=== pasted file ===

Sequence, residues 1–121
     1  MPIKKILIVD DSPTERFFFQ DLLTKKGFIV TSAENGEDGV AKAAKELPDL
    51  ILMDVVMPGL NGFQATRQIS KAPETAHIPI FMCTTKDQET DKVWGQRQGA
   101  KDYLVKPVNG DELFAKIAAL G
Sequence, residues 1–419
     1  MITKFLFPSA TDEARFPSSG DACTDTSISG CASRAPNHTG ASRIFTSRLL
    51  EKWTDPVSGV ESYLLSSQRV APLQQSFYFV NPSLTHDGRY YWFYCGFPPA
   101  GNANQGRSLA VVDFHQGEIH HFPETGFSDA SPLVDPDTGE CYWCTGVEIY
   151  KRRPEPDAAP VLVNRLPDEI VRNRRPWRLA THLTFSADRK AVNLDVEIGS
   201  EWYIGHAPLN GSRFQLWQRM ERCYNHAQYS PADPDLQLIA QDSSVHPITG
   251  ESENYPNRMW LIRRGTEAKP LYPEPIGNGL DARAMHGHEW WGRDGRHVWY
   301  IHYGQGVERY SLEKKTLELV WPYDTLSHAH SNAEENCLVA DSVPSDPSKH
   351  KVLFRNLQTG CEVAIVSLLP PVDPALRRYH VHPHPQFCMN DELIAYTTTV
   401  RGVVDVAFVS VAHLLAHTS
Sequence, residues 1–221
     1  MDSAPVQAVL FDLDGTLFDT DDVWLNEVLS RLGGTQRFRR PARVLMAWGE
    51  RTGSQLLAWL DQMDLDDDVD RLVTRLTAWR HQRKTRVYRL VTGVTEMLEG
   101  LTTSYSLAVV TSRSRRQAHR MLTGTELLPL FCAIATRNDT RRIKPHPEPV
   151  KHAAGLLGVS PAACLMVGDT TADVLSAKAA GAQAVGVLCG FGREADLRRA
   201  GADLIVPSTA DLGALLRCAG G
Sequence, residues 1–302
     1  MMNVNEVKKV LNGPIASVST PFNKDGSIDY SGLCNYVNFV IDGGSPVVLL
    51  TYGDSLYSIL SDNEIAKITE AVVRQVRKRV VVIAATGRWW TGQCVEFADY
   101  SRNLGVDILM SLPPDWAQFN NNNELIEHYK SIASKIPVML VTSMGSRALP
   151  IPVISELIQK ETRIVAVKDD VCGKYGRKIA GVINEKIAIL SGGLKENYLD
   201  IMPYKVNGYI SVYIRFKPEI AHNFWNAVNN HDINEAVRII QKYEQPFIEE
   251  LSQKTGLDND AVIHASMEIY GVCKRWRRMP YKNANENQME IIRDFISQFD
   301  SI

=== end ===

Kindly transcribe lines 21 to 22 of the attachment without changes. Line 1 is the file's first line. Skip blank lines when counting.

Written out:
Sequence, residues 1–302
     1  MMNVNEVKKV LNGPIASVST PFNKDGSIDY SGLCNYVNFV IDGGSPVVLL